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Toronto Blue Jays second baseman Aaron Hill looks to throw after getting Baltimore Orioles' Nick Markakis out at second on a ground ball hit by Ty Wigginton in the first inning of a baseball game Sunday, July 18, 2010 in Baltimore. Wigginton was safe on the play.

Gail Burton/AP

Hitting .290 and going to the All-Star Game or hiccupping his way through a year-long slump, Aaron Hill is a team player.

So it is no surprise that Hill said Tuesday he is open to a shift to third base in 2011 if general manager Alex Anthopoulos decides trading for a second baseman is the best way to upgrade the Toronto Blue Jays' offence.

Now, nobody in authority talked about it publicly, or has even hinted about it to Hill's face, mostly because it's difficult to envision that kind of trade being consummated any time other than the off-season. But it's been "out there," as a topic of discussion - and not just in the blogosphere.

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Anthopoulos is not afraid to be creative. No slave to statistics - with the exception of cost-effective salaries - he nonetheless realizes a little more awareness of on-base percentage wouldn't be a bad thing for this lineup. There is a sum-of-its-parts thing at work here, and that doesn't even take into account the fact that Anthopoulos is already on record as saying even though he acquired shortstop Yunel Escobar from the Atlanta Braves, Cuban shortstop prospect Adeiny Hechevarria will not be held back. Somebody will be moved for him.

Hill's average slipped under .200 on May 9, when he was in the throes of a season-long 0-for-18 slump, and stayed there until July 20. He has, simply, never recovered his swing since injuring his hamstring, requiring an early season stint on the 15-day disabled list.

Hill, who played third base, second base and shortstop in his first year in the majors (2005) before settling in as a full-time second baseman in 2007, went to the All-Star Game last season en route to fashioning a comeback from post-concussion syndrome. In the spring, there was some talk within the club of possibly reworking Hill's contract to guarantee a series of option years on the horizon. Now, it's in a holding pattern. The Blue Jays have options on 2012, 2013 and 2014. The club can exercise all three options before Opening Day next season, or they can wait until 10 days after the 2011 World Series when they can exercise a two- or one-year option. So this is no small matter.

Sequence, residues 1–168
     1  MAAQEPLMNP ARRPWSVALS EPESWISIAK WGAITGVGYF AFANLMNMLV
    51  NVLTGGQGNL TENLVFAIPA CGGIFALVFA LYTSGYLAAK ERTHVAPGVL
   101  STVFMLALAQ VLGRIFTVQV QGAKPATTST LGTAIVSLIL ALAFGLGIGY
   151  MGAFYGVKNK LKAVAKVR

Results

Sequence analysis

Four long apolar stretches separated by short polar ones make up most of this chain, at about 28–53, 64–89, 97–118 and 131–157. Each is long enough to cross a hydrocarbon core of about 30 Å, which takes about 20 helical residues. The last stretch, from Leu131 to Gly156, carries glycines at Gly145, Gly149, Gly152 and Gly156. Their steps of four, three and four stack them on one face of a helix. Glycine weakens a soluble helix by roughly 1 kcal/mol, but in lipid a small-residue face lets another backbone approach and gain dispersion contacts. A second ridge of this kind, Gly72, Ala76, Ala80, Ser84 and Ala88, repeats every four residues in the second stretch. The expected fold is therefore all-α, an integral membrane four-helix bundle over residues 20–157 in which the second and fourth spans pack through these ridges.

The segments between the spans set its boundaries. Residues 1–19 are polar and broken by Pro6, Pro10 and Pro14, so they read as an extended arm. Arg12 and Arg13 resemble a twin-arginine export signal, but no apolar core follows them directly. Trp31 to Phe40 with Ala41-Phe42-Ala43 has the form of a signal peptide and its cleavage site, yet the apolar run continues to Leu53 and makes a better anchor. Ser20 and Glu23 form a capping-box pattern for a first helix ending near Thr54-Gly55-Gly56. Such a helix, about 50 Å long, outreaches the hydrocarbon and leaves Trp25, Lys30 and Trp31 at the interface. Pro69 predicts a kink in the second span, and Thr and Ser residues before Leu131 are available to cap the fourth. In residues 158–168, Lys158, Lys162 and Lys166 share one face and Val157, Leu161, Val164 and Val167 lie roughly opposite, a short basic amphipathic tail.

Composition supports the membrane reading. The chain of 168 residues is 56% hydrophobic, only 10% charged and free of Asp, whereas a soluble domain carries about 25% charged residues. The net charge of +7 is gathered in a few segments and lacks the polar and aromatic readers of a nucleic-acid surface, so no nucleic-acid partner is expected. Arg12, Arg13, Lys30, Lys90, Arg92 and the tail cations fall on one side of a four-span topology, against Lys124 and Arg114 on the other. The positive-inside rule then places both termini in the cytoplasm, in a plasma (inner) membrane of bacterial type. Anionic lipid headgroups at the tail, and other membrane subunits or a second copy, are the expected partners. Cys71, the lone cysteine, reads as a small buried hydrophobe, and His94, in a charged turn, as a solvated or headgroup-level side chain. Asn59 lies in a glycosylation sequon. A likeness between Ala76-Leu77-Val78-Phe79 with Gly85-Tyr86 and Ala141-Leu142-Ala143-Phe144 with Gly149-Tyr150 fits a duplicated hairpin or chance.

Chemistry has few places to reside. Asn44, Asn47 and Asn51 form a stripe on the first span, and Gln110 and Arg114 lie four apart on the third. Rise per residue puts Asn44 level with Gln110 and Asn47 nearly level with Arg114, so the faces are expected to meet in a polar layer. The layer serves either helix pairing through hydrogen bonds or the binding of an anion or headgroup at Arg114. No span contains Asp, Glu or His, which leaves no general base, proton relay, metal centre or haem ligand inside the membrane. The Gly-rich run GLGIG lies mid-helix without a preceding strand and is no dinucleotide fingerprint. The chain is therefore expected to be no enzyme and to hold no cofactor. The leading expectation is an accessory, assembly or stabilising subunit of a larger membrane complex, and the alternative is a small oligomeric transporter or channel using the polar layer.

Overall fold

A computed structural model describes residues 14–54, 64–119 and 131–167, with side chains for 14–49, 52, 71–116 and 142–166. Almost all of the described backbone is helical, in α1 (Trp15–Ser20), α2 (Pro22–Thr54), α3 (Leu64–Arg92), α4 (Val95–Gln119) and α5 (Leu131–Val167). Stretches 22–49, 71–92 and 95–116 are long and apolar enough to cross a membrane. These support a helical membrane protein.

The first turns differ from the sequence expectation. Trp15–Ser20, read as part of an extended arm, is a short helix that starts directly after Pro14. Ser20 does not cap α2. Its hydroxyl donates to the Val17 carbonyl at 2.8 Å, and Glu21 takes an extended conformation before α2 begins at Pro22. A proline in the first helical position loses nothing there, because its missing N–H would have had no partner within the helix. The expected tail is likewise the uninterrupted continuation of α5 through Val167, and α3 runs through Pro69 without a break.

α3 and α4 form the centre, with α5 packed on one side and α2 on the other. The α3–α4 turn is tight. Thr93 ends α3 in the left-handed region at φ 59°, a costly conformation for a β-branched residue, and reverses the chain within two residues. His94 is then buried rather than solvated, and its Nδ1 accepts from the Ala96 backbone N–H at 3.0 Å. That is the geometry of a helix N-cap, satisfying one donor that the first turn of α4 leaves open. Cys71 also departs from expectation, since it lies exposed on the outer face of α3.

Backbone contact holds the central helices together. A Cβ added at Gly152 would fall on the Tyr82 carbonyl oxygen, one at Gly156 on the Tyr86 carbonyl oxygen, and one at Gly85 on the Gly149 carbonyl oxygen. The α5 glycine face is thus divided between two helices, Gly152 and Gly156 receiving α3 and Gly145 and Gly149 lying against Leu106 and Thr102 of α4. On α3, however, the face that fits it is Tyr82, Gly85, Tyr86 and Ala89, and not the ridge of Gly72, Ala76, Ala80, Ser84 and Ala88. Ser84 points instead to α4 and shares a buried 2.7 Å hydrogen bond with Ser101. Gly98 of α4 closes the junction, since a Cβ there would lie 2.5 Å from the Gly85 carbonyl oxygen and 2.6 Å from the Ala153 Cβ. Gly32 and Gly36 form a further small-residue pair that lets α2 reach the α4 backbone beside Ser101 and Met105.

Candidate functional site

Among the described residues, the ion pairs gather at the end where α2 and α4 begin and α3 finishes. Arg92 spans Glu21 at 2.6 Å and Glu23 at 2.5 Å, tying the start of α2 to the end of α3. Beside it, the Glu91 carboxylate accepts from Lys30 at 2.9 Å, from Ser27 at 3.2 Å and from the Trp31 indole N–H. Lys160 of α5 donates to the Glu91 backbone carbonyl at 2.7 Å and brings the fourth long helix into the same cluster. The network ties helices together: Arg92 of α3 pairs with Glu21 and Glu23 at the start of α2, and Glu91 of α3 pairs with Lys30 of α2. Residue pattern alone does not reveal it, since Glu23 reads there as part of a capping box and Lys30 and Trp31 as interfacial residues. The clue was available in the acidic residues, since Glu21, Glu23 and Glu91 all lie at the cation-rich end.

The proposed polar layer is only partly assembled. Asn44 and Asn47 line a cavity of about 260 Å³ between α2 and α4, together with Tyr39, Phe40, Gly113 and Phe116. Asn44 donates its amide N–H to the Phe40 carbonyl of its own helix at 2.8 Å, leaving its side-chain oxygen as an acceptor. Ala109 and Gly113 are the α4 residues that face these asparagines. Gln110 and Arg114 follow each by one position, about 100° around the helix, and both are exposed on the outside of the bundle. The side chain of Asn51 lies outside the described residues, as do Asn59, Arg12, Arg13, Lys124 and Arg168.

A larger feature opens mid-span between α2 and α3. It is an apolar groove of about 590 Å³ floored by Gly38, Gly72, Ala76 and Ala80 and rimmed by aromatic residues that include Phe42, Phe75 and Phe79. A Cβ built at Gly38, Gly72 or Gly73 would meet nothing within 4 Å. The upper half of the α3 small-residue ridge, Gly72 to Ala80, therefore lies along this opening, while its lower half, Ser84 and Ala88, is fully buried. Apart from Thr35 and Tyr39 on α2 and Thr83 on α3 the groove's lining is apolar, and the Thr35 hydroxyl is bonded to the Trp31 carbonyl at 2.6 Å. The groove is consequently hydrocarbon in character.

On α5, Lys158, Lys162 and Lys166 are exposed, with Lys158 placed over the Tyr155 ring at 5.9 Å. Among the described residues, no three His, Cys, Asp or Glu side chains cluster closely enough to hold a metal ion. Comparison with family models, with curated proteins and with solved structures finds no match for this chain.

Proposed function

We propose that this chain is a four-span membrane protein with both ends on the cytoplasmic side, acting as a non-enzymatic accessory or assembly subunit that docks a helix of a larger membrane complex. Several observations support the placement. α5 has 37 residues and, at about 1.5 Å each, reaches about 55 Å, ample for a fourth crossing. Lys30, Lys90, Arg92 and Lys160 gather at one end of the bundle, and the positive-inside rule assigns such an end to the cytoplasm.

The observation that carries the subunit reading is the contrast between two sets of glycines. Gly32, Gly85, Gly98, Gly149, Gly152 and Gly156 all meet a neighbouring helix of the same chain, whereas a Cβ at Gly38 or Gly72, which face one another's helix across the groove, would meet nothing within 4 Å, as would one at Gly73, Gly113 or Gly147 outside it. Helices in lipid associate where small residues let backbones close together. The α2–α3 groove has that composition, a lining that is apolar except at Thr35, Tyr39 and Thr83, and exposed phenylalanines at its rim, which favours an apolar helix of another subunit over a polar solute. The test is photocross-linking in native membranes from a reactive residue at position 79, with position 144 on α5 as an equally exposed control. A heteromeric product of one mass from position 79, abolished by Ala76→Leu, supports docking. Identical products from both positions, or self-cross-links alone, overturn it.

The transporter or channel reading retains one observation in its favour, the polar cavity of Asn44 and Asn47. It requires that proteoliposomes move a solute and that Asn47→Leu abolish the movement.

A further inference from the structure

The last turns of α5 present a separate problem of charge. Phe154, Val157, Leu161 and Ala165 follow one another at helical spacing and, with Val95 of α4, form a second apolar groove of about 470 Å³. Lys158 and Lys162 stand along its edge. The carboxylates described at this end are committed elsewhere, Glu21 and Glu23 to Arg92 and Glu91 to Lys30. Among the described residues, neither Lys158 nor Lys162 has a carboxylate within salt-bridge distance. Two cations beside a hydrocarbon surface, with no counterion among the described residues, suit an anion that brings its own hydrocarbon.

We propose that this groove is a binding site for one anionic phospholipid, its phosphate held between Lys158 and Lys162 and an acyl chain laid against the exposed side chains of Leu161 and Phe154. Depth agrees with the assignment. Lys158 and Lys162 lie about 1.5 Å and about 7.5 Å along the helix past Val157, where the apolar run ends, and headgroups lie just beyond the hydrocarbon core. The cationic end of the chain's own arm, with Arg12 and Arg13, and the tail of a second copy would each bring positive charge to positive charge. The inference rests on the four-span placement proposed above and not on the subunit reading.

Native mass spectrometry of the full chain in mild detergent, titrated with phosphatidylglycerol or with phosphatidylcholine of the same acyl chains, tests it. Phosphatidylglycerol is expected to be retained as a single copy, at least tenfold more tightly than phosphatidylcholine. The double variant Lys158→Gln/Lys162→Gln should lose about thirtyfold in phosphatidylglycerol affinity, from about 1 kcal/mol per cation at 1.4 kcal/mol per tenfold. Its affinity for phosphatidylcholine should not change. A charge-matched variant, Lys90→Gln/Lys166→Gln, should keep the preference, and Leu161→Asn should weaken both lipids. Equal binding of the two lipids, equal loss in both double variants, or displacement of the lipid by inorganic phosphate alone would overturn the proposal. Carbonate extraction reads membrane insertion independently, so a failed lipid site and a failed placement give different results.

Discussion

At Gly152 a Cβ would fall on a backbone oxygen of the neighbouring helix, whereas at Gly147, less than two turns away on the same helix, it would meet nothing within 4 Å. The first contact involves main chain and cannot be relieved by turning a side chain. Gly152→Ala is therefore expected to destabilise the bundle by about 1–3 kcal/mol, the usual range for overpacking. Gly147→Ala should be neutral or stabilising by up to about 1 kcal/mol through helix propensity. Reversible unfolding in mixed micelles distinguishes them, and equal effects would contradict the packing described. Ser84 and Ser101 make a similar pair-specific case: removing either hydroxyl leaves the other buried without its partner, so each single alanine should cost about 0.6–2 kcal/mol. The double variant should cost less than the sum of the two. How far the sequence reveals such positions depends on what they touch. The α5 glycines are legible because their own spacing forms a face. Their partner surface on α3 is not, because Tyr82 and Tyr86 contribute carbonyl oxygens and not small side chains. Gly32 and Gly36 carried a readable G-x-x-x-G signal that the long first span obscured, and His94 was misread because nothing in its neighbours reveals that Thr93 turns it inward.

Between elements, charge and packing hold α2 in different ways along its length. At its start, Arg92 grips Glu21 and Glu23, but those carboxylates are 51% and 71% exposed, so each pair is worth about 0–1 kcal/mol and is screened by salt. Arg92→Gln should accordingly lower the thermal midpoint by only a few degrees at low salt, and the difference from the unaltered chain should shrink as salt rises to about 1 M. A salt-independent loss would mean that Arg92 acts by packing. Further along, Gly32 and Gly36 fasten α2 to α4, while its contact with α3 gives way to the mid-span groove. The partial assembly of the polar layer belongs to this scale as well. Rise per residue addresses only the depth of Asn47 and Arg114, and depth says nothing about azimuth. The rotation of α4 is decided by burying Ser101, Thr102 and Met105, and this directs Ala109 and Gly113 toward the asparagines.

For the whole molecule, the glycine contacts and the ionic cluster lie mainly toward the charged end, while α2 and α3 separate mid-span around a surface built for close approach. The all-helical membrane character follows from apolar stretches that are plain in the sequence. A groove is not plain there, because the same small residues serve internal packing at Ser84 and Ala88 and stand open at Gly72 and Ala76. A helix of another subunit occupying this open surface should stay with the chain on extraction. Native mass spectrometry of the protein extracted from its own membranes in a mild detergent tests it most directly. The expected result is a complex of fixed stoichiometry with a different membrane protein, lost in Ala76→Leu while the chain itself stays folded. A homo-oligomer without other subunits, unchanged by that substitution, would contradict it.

"My first, gut instinct would be to say that I'm comfortable where I am, but if you're bringing somebody in to make the team better, yeah I'd move position," said Hill, who will be paid $5-million next season, $8-million in 2012 and 2013 and $10-million in 2014.

So there are decisions to be made this winter and next spring, in addition to more immediate matters. Regardless of what happens at the trade deadline on Saturday, this will be a different-looking Blue Jays team in 2011. Brett Wallace will be favoured for first base and nobody wants Edwin Encarnacion at third. Jose Bautista is a possibility at third - but what if somebody is willing to overpay for Bautista? Or, what if there's something to be said for leaving well enough alone and keeping that throwing arm in right field where it has been so strongly utilized?

Factor in that a new manager will likely have his own ideas and it is clear that this is a work in progress. Skeptics might say Hill is simply being malleable because his numbers make it hard to be otherwise. That sells Hill short - pardon the pun.

"I mean, I'd like to think that's how everybody would be open to it, you know?" Hill said. "Second, third, short - you're still playing every day. Alex wants to make the team better. Alex should want to make the team better."

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